United States Territories
The United States has only three properties in the world classified as territories. They are Guam and American Samoa in the Pacific, and the U. S. Virgin Islands in the Caribbean. These ae governed by the United States but do not have the status of a state.
Some other possessions of the United States which do not have statehood status are not called territories. Some are called insular political communities, small islands or groups of islands. Puerto Rico is an island in the Caribbean. The Northern Marianas are islands in the Pacific Ocean. These have a status called commonwealth and are below states but above territories.
Several islands in the Pacific are called possessions. They do not have a steady or permanent population. These include Baker, Howland, Kingman Reef, Jarvis, Johnston, Midway, Palmyra and Wake.
In addition, the United States has several military bases around the world. Some of these are in Japan, Okinowa and Guantanamo Bay, Cuba. They are really considered a form of territory.
It is hard to determine just what American policy is regarding territories and possessions. The government seems to have made it up as it went along. Making a coherent plan for obtaining land has been rather a hard struggle.
There is no set policy in the United States Constitution telling how to gain land. It does delegate that power to Congress. It gives Congress 'Power to dispose of and make all needful Rules and Regulations respecting the Territory or other Property belonging to the United States.'
Under international law, countries may gain land in one of several ways. They may seize land that is not already part of another country. They may conquer a land if permitted by the international community. They may gain land because of a treaty with another country.
Congress and the Supreme Court of the United States have come up with a plan that gives the President and Congress control of territories. The Department of the Interior has an Office of Insular (island) Affairs. Congress gives some of its administrative duties to this office. The President appoints judges and governing officials in the territories. Congress decides how the court system in the territory works. The Supreme Court may even review decisions of the territorial court.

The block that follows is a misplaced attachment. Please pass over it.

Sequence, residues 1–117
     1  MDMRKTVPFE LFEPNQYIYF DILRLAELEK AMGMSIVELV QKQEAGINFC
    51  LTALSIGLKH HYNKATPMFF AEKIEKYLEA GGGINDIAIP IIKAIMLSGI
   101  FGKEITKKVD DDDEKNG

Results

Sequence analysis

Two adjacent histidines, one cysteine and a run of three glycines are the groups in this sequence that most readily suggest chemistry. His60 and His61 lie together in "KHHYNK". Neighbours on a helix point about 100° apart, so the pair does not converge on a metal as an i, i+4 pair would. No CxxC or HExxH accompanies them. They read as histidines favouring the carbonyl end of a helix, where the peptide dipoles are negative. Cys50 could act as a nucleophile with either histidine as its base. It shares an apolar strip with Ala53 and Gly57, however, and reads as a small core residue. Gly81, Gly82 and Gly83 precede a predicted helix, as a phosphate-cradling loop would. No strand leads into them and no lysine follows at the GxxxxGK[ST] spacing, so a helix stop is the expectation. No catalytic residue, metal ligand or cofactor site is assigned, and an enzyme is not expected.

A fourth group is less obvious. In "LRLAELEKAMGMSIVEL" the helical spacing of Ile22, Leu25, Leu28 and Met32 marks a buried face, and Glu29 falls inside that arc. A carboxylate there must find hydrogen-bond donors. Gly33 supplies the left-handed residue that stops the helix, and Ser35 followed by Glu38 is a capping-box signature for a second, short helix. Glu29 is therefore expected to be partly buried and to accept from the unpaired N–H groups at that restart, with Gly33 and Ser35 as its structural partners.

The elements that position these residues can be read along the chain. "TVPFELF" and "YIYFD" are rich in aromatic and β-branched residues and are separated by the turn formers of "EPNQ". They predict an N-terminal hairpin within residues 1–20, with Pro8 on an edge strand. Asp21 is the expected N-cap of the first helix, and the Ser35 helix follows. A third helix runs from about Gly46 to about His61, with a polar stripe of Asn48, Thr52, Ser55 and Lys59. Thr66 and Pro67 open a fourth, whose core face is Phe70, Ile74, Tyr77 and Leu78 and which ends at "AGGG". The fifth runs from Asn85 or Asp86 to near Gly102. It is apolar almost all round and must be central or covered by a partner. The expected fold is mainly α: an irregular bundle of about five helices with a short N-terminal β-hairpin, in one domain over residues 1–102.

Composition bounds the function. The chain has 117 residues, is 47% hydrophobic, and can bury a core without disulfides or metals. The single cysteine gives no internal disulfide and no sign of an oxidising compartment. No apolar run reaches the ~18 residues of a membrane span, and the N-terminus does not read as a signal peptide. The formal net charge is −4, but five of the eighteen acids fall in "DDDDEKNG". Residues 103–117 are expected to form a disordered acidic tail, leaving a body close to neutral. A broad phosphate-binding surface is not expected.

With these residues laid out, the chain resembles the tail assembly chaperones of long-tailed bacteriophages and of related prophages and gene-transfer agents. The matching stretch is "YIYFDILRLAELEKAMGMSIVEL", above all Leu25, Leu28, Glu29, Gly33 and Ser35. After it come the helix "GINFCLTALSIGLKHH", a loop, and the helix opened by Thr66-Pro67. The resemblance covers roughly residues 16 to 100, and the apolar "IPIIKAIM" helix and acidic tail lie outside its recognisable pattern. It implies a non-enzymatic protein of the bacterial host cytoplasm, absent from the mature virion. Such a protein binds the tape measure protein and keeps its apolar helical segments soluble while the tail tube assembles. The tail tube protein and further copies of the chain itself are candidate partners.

Congress may pass laws for the territories but may not violate the rights of the people there. These rights 'can include the right to be free from unreasonable searches and seizures, the right to freedom of speech, and the rights to equal protection and due process.'
Persons living in a territory cannot vote to have representation in Congress. They can elect their own legislature and make their own laws. However, Congress has the right to do away with any law. Each territory may elect a delegate to attend any meeting of Congress, but the delegate does not have the right to vote on any bill. He may vote in a committee to approve or deny any legislation, though.
Commonwealths are above territories in status and work with Congress to make laws acceptable to both the government and the commonwealth. Congress has a heavy hand over territories, however. Commonwealth status used to lead to becoming a state, but the situation has changed now. Most states were once territories. In the 1900's, Alaska, Hawaii, Oklahoma, New Mexico and Arizona achieved statehood after being territories.
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